Induction of type I interferon regulates the expression of several ISGs that may have direct antiviral properties. A group of proteins with potent anti-viral properties known collectively as “restriction factors” are constitutively expressed or induced by type-1 interferon and are able to limit viral replication by targeting specific steps in the life cycle [9]. In this section, we will summarize the discovery of restriction factors for HIV. These factors were identified with the help of classical genetic screens or by candidate gene approaches coupled with “omics” technologies.

It has been well established that HIV-1 variants lacking certain non-structural genes are limited in their ability to replicate in some cell lines, but show productive infections in other cell lines. In addition, wild type HIV-1 is unable to perform a complete infection cycle in cells of non-Hominidae origin, implicating a species-specific adaptation to viral dependency factors and restriction factors. Conventional systems approaches have expressed cellular cDNA libraries to search for dependency factors like retroviral receptors or to search for restriction factors like TRIM5α (see below). While these methods were quite successful, and identified important proteins they require the knowledge of a previously identified phenotype.

The first restriction factor for HIV-1 was discovered in 2002. It was a well-known phenomenon that the HIV-1 protein Vif is required to counteract a dominant inhibitory factor [10,11]. Cells non-permissive for replication of Δvif HIV-1 were believed to express an antiviral protein that inhibited the infectivity of newly produced particles. Sheehy et al. identified this protein, APOBEC3G, by a PCR based cDNA subtraction strategy of non-permissive CEM cells and HIV-1 infected CEM-SS cells. Candidate cDNAs derived from non-permissive cells were expressed in permissive cells and tested for their ability to inhibit viral replication assays [12]. In follow up studies, it was discovered that the cytidine deaminase APOBEC3G is encapsidated in Δvif HIV-1 particles, and during the viral reverse transcription, it can deaminate cytidines in the single stranded DNA. Thus APOBEC3G mutates the viral genomes in target cells and thereby inhibits the replication of HIV [13,14]. The HIV-1 Vif protein counteracts APOBEC3G to circumvent this restriction. Specifically, Vif binds APOBEC3G and recruits an E3 ubiquitin ligase complex that induces polyubiquitination and degradation of APOBEC3G in virus-producing cells [1517]. In addition, the human genome encodes six more APOBEC3 proteins (APOBEC3A, -B, -C, -D, -F and -H) that can inhibit various retroviruses, endogenous retroelements and DNA viruses [1822].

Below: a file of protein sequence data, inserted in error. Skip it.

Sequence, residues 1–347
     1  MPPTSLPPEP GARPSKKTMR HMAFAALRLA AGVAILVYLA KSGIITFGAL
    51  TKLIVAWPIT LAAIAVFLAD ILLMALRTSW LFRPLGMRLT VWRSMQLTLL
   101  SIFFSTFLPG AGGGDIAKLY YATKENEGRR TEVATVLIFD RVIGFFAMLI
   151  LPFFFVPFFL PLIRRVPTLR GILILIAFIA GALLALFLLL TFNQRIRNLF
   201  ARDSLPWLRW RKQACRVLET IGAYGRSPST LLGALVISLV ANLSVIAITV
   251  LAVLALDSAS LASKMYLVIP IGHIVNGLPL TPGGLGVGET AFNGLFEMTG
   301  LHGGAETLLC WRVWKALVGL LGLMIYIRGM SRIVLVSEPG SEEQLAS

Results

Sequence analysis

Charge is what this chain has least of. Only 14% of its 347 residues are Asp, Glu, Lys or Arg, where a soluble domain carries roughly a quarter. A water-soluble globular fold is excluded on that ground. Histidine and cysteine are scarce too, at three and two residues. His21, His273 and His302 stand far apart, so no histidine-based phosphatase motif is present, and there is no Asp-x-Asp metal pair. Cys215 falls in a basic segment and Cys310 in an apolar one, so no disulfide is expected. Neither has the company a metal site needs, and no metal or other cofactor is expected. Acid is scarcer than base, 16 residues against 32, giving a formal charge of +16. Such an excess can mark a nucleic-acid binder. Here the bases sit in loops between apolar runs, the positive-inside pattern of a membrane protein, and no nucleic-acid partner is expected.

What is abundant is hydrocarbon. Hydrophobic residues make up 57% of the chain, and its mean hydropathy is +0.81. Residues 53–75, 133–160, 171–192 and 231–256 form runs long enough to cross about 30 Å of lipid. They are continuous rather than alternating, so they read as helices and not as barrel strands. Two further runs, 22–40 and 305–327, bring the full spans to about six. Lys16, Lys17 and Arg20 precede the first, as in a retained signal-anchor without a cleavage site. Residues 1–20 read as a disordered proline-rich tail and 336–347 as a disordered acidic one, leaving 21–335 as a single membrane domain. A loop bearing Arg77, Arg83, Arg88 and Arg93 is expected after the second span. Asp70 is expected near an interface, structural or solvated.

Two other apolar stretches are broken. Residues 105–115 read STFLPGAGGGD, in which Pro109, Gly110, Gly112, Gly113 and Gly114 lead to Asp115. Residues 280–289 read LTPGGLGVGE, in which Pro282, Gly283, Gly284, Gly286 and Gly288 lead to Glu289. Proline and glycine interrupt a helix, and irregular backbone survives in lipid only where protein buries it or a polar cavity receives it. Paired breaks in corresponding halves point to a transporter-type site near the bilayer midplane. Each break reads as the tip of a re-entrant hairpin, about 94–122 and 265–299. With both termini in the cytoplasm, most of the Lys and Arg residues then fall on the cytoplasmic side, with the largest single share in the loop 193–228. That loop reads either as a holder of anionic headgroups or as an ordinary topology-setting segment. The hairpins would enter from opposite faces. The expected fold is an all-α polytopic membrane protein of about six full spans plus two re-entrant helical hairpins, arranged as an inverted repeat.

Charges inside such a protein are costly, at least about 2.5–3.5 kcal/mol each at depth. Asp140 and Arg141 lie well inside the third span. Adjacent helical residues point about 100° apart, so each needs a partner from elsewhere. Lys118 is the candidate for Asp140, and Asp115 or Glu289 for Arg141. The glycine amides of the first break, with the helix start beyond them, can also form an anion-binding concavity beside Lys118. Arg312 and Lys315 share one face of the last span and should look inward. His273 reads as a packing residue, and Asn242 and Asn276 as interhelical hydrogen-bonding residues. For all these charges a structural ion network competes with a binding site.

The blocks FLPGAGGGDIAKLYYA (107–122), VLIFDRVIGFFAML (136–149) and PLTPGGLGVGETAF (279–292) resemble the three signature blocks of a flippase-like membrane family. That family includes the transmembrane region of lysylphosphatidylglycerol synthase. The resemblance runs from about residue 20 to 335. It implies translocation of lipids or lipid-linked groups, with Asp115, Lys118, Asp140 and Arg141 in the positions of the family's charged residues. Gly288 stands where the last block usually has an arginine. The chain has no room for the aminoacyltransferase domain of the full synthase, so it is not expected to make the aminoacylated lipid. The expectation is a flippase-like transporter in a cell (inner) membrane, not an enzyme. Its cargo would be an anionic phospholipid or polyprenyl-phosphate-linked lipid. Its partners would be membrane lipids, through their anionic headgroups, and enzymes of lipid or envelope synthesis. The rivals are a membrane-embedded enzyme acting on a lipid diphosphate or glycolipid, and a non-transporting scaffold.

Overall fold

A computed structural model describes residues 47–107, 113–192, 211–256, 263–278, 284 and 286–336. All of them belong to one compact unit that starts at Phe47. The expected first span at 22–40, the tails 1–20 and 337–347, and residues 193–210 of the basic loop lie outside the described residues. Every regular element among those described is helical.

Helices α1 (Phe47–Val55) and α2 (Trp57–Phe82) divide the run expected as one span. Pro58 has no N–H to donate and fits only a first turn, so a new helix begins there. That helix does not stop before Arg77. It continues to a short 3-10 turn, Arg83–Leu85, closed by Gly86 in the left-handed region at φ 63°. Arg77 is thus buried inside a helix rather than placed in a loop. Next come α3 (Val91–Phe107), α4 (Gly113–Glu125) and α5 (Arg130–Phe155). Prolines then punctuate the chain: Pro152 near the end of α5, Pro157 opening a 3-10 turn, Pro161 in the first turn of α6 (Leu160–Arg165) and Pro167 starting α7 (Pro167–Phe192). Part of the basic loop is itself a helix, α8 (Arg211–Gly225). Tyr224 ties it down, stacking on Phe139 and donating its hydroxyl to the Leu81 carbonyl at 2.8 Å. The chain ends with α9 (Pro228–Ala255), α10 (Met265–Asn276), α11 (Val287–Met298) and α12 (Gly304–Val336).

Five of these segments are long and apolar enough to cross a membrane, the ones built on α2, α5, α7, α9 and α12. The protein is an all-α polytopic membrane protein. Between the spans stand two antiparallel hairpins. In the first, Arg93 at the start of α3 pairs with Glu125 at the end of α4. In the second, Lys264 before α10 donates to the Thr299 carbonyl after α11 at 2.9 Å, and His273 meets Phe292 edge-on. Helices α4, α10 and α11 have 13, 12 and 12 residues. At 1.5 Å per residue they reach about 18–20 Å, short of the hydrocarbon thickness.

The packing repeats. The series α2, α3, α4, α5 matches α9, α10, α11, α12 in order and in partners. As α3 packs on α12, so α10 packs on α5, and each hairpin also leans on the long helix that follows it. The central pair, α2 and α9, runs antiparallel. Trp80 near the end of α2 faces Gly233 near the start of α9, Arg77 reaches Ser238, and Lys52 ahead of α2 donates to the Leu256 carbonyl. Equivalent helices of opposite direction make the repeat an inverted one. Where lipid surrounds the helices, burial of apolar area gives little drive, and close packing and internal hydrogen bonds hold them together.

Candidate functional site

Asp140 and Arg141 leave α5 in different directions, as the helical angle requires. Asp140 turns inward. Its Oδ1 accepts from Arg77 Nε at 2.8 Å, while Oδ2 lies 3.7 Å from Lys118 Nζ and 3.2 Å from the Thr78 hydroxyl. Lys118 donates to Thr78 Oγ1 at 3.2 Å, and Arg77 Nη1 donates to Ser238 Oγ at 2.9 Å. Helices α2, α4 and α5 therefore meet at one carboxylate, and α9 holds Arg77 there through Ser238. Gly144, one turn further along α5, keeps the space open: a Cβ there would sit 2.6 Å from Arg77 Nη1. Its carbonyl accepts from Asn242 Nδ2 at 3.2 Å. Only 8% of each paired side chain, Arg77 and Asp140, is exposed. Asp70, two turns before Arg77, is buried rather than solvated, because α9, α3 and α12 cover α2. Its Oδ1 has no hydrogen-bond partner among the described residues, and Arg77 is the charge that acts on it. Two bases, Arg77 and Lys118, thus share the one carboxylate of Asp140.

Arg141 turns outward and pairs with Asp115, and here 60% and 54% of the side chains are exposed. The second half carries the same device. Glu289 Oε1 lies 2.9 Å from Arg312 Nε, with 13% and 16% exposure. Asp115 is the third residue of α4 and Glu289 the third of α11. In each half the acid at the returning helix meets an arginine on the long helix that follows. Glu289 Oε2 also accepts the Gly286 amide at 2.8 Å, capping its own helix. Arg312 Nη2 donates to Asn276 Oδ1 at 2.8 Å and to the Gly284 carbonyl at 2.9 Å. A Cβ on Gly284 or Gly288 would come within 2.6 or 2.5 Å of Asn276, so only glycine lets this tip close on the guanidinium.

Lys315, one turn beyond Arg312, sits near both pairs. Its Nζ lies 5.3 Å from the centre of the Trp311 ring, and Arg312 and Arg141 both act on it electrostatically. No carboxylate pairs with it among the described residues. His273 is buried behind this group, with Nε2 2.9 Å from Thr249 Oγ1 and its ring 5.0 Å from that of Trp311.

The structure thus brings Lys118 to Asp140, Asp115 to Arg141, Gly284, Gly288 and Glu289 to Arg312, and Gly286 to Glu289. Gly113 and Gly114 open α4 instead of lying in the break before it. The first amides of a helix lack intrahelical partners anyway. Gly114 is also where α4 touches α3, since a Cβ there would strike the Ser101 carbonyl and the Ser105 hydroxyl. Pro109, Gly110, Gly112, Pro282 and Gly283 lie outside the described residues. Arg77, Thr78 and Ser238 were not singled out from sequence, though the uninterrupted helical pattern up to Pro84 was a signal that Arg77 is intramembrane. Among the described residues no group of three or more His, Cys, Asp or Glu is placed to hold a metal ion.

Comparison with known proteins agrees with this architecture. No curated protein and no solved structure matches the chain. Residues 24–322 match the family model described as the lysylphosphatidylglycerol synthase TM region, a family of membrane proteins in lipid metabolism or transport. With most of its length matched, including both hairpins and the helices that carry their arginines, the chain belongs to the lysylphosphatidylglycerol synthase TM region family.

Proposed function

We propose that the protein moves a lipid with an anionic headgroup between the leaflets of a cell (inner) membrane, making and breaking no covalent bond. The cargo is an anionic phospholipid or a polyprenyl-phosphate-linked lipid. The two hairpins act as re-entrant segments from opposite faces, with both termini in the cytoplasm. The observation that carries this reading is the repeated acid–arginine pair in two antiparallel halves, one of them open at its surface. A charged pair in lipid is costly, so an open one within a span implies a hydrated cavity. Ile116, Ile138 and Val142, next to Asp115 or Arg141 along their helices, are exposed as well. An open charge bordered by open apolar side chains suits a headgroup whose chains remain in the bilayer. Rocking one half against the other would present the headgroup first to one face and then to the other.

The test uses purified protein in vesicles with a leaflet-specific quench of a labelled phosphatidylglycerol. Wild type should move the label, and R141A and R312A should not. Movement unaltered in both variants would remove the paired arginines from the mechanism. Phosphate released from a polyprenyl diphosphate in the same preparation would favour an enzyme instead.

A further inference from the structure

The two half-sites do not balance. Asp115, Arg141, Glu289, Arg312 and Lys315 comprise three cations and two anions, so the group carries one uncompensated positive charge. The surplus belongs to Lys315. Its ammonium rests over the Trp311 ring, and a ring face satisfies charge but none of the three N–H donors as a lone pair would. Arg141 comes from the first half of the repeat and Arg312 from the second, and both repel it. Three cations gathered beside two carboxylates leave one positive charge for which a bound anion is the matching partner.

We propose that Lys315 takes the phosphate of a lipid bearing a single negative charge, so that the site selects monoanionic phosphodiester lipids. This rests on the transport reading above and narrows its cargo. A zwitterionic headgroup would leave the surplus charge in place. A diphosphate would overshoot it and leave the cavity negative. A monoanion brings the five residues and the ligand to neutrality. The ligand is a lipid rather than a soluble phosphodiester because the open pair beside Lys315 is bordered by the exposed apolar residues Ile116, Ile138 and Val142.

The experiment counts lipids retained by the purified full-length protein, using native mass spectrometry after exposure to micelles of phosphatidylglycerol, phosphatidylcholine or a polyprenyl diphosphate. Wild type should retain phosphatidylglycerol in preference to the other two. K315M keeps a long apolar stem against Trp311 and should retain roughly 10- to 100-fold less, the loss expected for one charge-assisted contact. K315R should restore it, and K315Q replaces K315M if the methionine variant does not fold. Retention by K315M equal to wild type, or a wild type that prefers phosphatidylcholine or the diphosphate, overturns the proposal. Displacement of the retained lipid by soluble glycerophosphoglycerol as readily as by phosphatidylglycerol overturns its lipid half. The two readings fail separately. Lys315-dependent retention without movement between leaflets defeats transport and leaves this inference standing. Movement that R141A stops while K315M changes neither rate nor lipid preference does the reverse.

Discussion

The resistance of simian cells to HIV-1 was used to identify another restriction protein that blocks the virus early post-entry at uncoating. Stremlau et al. used a retroviral cDNA library of rhesus macaque cells to transduce permissive human HeLa cells and screened for HIV-1 resistant cells [23]. This study revealed that HIV-1 is inhibited by the simian TRIM5α protein, but not by the human orthologue. TRIM5α is constitutively expressed, but interferon treatment can further increase its levels [24]. It is speculated that Rhesus TRIM5α restricts HIV-1 by acceleration of the viral uncoating process that is believed to inhibit the reverse transcription. Inhibition of the proteasome relieves the reverse transcription block in cells expressing rhesus TRIM5α, but interestingly, HIV-1 genomes are still blocked for integration [25]. A very recent study suggests that TRIM5α is a multifunctional component of the innate immune system, and serves not only as a restriction factor (effector), but can also promote innate immune signaling that is triggered by interaction with the retroviral capsid lattice. These data imply that TRIM5α may serve as a pattern-recognition receptor for HIV-1 [26]. Traditionally, viruses are recognized through innate immune sensors as foreign by their viral nucleic acids [27] through cytoplasmic PRRs and viral envelope proteins through TLRs [28]. TRIM5α would be the first described innate sensor recognizing HIV-1 capsid.

Another interferon-induced restriction factor, CD317/BST-2/Tetherin, was independently identified by two groups [29,30]. CD317 is neutralized by the HIV-1 protein Vpu. HIV-1 deficient for Vpu is unable to bud from cells due to ‘tethering’ by CD317 [29]. Vpu interferes with the cell surface expression of CD317 partially by inducing its degradation [31,32]. Neil et al. used microarray analysis comparing untreated and IFN-a treated cells to identify this HIV-1 restriction factor. Candidate genes were selected by filtering the results for differential expression and localization of the induced genes [29]. Targeting of Tetherin/BST-2 by Vpu was also elucidated by Van Damme et al. [30] based on a quantitative proteomic approach that identified BST-2 as a target for the gamma-herpesvirus immune modulator K5 [33].

4. Genomics Technologies Enabled the Discovery of Genome-Wide Host-Pathogen Interactions

Systems-biology approaches that used genome-wide libraries of siRNAs or shRNAs dramatically changed the limitations of the traditionally genetic screens. These experiments were enabled by the development and integration of high-throughput technologies. An important challenge using genome wide siRNA screens is the implementation of rigid methods to filter the enormous amounts of data and identify true hits [3436]. The detection of potential candidate genes is influenced by many factors like timing and filtering thresholds [35]. Meta-analyses, integrating the data with those previously done in functional or proteomic studies will lead to a list of candidate genes identified independently in multiple studies and will increase the chance of calling a true hit [35,37].